Skip to main content

Walt Whitman to John and Ursula Burroughs, 2 March [1875]

Dear John, & 'Sula,

This will show you that "the lamp still holds out to burn"—though I have had a bad two months past—I have had another paralytic stroke,2 but it passed over, without any thing serious, (it is probable I have had several slight strokes)—but I am feeling, as I write, about the same as is now usual for me—still entertain expectations—

If practicable I shall bring out a Vol. the coming summer—I hope to pay you the visit yet—Did you get the paper I sent with a report of Emerson's late lecture on Eloquence—of course interesting, from him, but nothing very stunning, it seemed to me—I see that Conway is coming to America next autumn certain, to see things, travel, lecture, &c—3

John, [I] send you the last letter from a quondam correspondent & unseen rebel friend of mine, away down in Alabama4—He seems to me a good affectionate fellow, a sort of uncut gem—I have had five or six letters from him, all primitive but good—What are you about?—& how are you & 'Sula getting along?

Walt Whitman

My brother & sister well—brother full of business—


  • 1. That this letter was written in 1875 is confirmed by the succeeding notes. In addition, as indicated in Whitman's February 24, 1875 letter to William J. Linton, Whitman had begun plans for a new edition of his works. [back]
  • 2. Whitman suffered a paralytic stroke on February 16, 1875. In Whitman's February 19, 1875, letter to Peter Doyle—one of Whitman's closest comrades and companions—Whitman explained that the stroke affected the "right side" but was "not severe." [back]
  • 3. Moncure D. Conway arrived in America in September 1875; in his September 14, 1875 letter to William J. Linton, Whitman mentioned that Conway had "just arr'd here from England." [back]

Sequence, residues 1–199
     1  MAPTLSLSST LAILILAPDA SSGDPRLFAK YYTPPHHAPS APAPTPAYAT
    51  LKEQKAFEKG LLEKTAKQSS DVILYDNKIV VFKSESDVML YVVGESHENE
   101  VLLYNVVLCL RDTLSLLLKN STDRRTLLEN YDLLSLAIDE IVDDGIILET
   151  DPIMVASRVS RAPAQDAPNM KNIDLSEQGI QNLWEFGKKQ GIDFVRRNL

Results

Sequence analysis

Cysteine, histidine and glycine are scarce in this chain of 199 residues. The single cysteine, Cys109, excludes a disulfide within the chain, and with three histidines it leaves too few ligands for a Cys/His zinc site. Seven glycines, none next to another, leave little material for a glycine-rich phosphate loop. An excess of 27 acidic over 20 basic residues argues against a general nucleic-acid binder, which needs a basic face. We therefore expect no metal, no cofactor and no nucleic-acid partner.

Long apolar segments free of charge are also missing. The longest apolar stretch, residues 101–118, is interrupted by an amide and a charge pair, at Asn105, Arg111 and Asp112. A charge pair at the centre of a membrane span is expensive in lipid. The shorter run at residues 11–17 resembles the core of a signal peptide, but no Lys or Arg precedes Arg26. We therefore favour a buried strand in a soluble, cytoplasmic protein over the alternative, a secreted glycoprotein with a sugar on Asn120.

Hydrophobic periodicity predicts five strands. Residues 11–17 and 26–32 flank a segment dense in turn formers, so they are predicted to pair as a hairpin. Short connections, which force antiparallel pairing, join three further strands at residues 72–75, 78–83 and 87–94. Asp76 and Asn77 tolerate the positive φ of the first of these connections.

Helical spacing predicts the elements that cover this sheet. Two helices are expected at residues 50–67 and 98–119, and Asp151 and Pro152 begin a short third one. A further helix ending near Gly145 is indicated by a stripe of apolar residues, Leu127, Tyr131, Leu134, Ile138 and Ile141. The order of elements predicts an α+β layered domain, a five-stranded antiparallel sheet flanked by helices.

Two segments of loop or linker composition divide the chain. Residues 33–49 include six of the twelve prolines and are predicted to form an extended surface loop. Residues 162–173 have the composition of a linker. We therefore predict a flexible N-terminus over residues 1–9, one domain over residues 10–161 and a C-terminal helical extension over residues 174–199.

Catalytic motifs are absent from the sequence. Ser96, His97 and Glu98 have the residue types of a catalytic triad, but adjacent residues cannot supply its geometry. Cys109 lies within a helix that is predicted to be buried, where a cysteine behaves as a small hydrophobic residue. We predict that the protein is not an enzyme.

• 4. At the time Whitman wrote to Burroughs he had received, as he said, six letters from the colorful and eccentric John Newton Johnson, a self-styled philosopher from rural Alabama. There are about thirty letters from Johnson in the Charles E. Feinberg Collection of the Papers of Walt Whitman, 1839–1919, Library of Congress, Washington, D.C., but unfortunately there are no replies extant, although Whitman wrote frequently for a period of approximately fifteen years. When Johnson wrote for the first time on September 13, 1874, he was forty-two, "gray as a rat," a former Rebel soldier with an income between $300 and $400 annually, though before the war he had been "a youthful 'patriarch.'" He informed Whitman that during the past summer he had bought Leaves of Grass and after a momentary suspicion that the bookseller should be "hung for swindling," he discovered the mystery of Whitman's verse, and "I assure you I was soon 'cavorting' round and asserting that the $3 book was worth $50 if it could not be replaced. (Now Laugh)." He offered either to sell Whitman's poetry and turn over to him all profits or to lend him money. In the letter he enclosed a gold dollar: "So much grand poetry nearly kills me with the pain of delight." Characteristically, he concluded his letter with an unexpected question: "Walt! Are you Orthodox or Universalist? I am Materialist of late." On October 7, 1874, after describing Guntersville, Alabama, he commented: "Orthodoxy flourishes with the usual lack of flowers or fruit." His amusingly detailed description of his face on November 7, 1875, Whitman marked in red crayon. Thus Johnson became a self-designated philosophical jester to amuse Whitman. See also Charles N. Elliot, Walt Whitman as Man, Poet and Friend (Boston: R. G. Badger, 1915), 125–130. [back]
Back to top